Because of the persistent drought in California, the Palos Verdes blue population has suffered as a result, but fortunately, this population peak was only temporary.
It is estimated that there are only about 200 Palos Verdes blues left in the wild, however, there are approximately 1,450 pupa being reared in captivity as a backup at this time.
8. Island Marble
- Current Estimated Numbers: fewer than 200
- Location (Range): San Juan Islands, Washington, USA
- Scientific Name: Euchloe ausonides insulana
Due to the Island Marble butterfly’s extreme rarity, scientists determined that it had not been observed in more than a century and so considered it to be extinct. The Island Marble had not been seen since 1908 when it was last spotted in the Canadian Gulf Islands.
It was not until 1998 that it was found again, off the coast of Washington state, on San Juan Island. John Fleckenstein, a zoologist working for the state of Washington’s Department of Natural Resources, was the one who discovered the first specimen of the newly named Island Marble.
The United States Fish and Wildlife Service is making efforts at this time to have the Island Marble included on the list of endangered species.
Despite the best efforts of the scientific community, the population of Island Marbles has continued to see a decline in recent years. At the beginning of 2018, it was claimed that researchers at San Juan National Historic Park counted fewer than 200 Island Marbles.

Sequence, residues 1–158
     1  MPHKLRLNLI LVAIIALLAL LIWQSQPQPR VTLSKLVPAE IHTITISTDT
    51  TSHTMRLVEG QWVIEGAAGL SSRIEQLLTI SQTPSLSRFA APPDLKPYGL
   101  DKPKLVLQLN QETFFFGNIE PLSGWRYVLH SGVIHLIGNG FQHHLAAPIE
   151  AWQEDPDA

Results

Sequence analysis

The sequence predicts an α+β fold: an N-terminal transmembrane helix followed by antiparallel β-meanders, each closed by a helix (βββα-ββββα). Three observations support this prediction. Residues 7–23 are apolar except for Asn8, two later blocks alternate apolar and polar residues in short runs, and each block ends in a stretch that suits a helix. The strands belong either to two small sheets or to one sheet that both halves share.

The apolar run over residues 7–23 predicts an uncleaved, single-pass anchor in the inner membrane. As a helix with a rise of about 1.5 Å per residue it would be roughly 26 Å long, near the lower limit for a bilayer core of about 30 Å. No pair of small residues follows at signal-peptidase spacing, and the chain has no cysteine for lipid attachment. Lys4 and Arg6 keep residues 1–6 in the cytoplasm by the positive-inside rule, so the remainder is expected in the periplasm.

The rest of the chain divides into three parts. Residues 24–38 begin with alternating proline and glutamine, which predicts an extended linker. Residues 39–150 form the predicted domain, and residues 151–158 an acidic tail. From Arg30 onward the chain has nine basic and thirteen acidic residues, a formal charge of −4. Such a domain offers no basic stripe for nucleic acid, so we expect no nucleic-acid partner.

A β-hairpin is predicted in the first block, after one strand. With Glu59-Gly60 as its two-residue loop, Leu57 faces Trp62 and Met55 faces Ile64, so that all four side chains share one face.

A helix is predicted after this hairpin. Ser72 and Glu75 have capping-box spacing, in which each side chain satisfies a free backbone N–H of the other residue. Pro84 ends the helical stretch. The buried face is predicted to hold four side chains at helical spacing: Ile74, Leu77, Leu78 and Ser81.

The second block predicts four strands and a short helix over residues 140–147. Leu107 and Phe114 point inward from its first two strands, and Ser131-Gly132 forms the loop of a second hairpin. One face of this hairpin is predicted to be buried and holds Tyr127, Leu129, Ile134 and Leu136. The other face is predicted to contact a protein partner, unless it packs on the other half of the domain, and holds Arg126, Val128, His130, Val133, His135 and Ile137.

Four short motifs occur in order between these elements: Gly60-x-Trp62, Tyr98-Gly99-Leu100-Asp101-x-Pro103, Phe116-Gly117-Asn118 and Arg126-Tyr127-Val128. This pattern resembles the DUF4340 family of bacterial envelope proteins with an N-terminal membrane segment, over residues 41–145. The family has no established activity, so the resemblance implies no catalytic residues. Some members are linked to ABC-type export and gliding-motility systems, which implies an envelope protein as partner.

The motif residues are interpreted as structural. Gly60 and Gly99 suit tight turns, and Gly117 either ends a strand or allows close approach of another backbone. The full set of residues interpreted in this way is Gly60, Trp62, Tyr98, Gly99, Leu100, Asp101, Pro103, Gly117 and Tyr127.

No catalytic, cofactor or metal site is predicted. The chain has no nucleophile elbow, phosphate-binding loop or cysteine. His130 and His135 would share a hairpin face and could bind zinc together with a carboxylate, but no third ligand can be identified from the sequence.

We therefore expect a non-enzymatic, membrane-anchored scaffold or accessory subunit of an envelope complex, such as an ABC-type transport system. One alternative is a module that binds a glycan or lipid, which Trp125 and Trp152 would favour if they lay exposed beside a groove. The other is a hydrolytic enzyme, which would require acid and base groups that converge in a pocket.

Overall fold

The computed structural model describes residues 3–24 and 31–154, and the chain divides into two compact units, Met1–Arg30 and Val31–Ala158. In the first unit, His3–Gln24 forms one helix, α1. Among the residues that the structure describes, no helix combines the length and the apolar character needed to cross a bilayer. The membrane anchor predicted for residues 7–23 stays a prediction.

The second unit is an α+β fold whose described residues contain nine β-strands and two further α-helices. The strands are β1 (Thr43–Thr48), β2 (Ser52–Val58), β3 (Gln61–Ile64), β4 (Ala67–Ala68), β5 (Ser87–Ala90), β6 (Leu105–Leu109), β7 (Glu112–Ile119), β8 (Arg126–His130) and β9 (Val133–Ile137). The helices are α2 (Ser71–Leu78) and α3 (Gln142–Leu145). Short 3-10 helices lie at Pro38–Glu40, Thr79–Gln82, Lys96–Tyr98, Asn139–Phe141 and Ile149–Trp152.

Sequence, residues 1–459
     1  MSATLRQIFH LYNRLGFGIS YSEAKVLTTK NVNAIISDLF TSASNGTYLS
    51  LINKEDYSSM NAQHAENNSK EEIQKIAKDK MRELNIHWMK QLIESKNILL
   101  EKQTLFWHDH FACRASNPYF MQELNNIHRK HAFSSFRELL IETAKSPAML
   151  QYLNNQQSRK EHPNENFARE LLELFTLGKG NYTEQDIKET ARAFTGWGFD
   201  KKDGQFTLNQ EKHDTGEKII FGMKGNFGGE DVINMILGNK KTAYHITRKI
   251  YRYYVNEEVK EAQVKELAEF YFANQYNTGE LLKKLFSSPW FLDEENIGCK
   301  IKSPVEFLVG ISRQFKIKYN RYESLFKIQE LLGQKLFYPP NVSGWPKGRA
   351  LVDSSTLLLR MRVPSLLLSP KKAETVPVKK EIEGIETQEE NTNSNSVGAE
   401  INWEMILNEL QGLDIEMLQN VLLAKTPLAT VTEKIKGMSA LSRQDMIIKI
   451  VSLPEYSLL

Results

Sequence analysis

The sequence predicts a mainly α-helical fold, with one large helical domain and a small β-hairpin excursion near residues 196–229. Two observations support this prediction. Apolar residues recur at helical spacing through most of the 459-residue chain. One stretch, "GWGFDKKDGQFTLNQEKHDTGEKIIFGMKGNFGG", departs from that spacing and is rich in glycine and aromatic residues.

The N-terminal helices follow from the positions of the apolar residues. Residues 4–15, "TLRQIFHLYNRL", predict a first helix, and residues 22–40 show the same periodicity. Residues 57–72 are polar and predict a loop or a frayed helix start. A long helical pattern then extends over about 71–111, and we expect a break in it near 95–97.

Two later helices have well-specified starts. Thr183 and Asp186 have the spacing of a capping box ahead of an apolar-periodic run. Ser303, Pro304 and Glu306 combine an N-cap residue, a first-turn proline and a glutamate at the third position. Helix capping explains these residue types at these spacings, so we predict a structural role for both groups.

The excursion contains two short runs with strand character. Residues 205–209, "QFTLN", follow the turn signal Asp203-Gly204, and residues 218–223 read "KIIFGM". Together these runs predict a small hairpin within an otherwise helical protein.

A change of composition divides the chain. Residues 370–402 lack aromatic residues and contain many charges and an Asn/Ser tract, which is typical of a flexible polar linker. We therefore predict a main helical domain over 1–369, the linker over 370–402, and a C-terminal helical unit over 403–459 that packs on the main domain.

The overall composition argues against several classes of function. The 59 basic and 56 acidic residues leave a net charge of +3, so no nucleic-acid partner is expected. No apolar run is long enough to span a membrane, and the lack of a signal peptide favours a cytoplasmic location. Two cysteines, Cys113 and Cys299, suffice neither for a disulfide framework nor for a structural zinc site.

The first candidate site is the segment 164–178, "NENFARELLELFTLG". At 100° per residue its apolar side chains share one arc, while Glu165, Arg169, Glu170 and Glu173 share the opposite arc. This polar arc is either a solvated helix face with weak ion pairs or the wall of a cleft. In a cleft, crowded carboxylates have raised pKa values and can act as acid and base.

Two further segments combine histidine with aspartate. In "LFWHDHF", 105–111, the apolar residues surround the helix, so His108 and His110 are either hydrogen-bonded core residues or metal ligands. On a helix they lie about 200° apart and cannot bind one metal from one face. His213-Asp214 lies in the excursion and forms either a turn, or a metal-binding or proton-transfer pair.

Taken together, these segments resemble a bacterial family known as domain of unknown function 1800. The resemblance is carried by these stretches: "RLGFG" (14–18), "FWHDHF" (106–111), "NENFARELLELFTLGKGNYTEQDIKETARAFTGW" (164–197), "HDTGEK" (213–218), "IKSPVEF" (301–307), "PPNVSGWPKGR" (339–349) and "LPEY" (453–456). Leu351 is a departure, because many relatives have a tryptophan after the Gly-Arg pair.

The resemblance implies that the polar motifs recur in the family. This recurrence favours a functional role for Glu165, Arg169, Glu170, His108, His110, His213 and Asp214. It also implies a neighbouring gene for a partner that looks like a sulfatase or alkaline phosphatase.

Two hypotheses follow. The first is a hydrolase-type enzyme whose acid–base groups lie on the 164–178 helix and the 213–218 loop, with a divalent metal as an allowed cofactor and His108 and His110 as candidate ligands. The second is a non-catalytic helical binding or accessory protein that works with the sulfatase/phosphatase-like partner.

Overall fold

9. Miami Blue
- Current Estimated Numbers: fewer than 100
- Location (Range): Florida Keys, Florida, USA
- Scientific Name: Florida Keys, Florida, USA
The Miami Blue used to be quite widespread and could be found all over the coastal mainland of Florida in years gone by.
It is thought that there are less than one hundred individuals of the Miami Blue nowadays after their population suffered a dramatic decline in recent years. Due to the extremely low population size and the fact that its range has been reduced to only the Florida Keys, the Miami Blue is the rarest butterfly in the world.
Miami Blue has suffered such a catastrophic decline as a result of the myriad dangers that threaten its natural environment.
In the 1980s, when coastal development in Florida was just getting started, the butterfly population took its first significant hit.
The next year, in 1992, Hurricane Andrew came very close to destroying the Miami Blue altogether. Up until the year 1999, no one had reported seeing any evidence of the Miami Blue, leading many people to fear that it had become extinct.
10. Richmond Birdwing
- Scientific Name: Ornithoptera richmondia
The Richmond Birdwing is a large butterfly found in eastern Australia. It is known for its vibrant green color and intricate wing patterns.
Habitat destruction, land clearing, and fragmentation have led to a significant decline in its population.
Conservation efforts are underway to protect and restore its habitat, but it remains one of the rarest butterflies in the world.
10 Rarest Butterflies in the World 2023 – Newshub360.net